The Cursed (2022) | Review

In rural 19th-century France, a mysterious supernatural presence threatens the British-accented inhabitants of a small village. John McBride (Boyd Holbrook), a handsome young pathologist and widower, is summed to town to investigate the danger – and he purges some of his own demons in the process.

That’s the crux of the story but in the beginning, we see why this evil is so hellbent on these particular townspeople. It’s all to do with the Laurent family – land baron Seamus (Alistair Petrie), his somber wife Isabelle (Kelly Reilly), and their tween children Charlotte and Edward (Amelia Crouch and Max Mackintosh). Seamus has disregarded a legitimate parcel claim and chosen to slaughter an entire Romani community in order to steal their property. The way in which this sequence is shot – in an unflinching birds-eye fashion – is particularly effective and sets up the notion that we are in for a film that is curated by an auteur. (And we are: The Cursed is written, directed, and shot by Sean Harris.)

As the murderers pick through the people’s possessions and deal brutally with a few survivors, Seamus finds a strange artifact: a set of fanged teeth dipped in silver and etched with strange symbols. He tosses the teeth into a hole in the ground, along with the dying victims, and goes home. But, of course, he’s soon pursued and punished for his sins.

The Cursed feels very much like an updated, and way gorier, Hammer film. It’s arch, gothic, suspenseful, and extremely atmospheric. It also reminded me of the underrated werewolf extravaganza from 2001, Brotherhood of the Wolf (minus the interpersonal relationships and martial arts). Still, The Cursed is its own thing – Harris clearly put a lot of thought and effort into making it and the result is near perfection. It meanders in its midsection but the death scenes and overall eeriness will keep you watching. The unsettling score and sound design are perfectly placed, adding to the sense of dread.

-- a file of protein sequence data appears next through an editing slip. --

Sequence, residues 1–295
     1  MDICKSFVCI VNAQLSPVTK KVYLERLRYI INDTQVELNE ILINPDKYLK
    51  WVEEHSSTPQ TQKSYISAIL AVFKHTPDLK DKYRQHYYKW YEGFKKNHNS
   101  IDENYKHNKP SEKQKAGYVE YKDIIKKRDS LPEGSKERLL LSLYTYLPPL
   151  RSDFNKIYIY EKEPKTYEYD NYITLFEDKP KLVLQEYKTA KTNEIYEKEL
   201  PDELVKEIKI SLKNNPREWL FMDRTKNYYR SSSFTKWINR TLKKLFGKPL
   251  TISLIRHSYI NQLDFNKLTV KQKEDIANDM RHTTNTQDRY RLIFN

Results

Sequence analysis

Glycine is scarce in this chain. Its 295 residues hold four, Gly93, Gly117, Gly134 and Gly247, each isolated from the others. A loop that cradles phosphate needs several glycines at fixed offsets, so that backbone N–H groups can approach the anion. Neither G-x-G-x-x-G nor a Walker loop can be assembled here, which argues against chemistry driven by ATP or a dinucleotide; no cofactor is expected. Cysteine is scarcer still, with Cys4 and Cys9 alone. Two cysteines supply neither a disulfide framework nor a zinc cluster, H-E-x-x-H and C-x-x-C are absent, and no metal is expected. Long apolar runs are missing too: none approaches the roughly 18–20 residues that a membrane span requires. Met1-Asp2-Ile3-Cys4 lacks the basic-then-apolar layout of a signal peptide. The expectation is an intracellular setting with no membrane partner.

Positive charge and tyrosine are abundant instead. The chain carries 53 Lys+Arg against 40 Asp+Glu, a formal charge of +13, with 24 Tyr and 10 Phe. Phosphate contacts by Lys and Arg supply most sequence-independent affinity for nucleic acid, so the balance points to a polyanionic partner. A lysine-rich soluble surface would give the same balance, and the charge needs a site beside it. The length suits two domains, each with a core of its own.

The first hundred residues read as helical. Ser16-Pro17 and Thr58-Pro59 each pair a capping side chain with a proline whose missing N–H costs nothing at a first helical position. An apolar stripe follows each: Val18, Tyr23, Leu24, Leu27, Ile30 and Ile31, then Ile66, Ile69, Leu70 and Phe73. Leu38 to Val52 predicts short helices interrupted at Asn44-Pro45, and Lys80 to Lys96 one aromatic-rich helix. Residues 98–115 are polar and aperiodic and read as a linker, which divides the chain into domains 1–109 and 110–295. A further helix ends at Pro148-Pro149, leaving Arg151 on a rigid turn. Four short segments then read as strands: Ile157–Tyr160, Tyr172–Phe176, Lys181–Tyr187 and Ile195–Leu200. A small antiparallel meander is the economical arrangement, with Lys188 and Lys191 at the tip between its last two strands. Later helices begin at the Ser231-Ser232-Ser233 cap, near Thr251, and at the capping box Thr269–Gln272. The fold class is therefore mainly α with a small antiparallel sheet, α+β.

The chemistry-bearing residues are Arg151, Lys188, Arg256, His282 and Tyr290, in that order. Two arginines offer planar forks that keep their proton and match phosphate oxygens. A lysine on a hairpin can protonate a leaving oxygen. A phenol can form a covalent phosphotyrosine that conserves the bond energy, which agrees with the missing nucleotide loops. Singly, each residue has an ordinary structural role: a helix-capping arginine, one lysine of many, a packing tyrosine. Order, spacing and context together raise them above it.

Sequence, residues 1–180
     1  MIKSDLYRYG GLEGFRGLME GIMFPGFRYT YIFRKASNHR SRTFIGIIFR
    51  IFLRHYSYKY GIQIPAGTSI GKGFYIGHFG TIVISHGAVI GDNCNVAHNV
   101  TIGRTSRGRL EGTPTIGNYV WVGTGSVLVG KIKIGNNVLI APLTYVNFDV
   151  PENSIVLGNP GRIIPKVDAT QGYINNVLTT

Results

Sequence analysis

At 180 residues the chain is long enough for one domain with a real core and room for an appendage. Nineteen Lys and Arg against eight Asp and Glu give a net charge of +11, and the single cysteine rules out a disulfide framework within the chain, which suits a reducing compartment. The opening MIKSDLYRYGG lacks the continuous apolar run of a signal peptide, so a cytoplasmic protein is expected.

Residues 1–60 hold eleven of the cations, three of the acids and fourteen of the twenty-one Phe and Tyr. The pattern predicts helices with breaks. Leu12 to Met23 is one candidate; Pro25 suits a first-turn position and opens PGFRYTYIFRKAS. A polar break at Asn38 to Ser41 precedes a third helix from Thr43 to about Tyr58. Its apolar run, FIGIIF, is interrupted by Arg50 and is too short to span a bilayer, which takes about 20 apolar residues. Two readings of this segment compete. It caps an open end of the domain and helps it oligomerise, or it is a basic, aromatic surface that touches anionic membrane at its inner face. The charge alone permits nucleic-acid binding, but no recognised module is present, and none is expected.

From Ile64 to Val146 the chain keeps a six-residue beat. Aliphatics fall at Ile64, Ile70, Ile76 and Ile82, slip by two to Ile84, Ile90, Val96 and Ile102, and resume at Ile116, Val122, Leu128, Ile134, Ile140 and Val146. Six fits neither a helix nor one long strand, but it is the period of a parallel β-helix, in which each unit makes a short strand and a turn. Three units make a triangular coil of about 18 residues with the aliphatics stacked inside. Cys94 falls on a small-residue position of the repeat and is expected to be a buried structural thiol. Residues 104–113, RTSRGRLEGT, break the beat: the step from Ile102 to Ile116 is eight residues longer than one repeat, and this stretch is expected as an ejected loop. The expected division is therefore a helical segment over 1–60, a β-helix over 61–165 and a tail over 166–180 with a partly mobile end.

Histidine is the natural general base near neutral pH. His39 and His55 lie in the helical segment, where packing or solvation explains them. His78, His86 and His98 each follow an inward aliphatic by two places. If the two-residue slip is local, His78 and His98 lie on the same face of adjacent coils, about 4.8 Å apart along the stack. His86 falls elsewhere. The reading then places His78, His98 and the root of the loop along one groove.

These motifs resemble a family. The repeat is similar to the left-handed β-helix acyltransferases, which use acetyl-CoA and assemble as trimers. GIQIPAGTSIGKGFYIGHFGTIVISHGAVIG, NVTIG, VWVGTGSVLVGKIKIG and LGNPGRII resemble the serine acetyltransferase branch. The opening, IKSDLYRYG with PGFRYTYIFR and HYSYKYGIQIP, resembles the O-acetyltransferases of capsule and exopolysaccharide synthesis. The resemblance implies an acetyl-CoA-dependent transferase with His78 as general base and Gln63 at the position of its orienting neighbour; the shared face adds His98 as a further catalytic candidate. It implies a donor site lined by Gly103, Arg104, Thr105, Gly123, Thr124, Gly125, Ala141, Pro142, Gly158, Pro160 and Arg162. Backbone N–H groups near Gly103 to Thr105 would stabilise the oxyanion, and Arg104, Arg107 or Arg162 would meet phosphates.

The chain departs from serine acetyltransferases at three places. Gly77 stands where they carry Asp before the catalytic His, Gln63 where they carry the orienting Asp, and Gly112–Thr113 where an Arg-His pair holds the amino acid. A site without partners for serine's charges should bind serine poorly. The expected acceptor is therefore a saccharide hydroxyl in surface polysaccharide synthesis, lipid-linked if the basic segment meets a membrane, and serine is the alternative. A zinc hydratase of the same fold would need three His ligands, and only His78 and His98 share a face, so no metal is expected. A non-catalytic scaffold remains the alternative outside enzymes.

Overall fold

While many of the victims are innocent –family and domestic employees of the land-snatching killers – The Cursed is still something of a commentary on Colonialism, morality, and the power of karma. How these hapless souls are stalked and killed plays up the dark, foggy, damp atmosphere to perfection and are all but guaranteed to send those proverbial shivers up your spine. In one particularly bone-crunching scene, the citizens decide to hole up in their local church… but there’s no escaping their fate.

Horror film fans who love folklore will get something extra from The Cursed but even if you’re not into that genre, you’re bound to get caught up in the mystery – what is this invisible evil… a phantom? A vampire? Werewolf? Something unknown? There are top-notch practical effects that reveal the monster in old-school fashion (bolstered by a bit of restrained CGI), not to mention bloody outcomes for those who disturbed the hallowed Romani ground.

The Cursed is one of the most absorbing fright fests I’ve seen in some time; I encourage you to watch it on the biggest screen you can.

The Cursed is in theaters on February 18, 2022.

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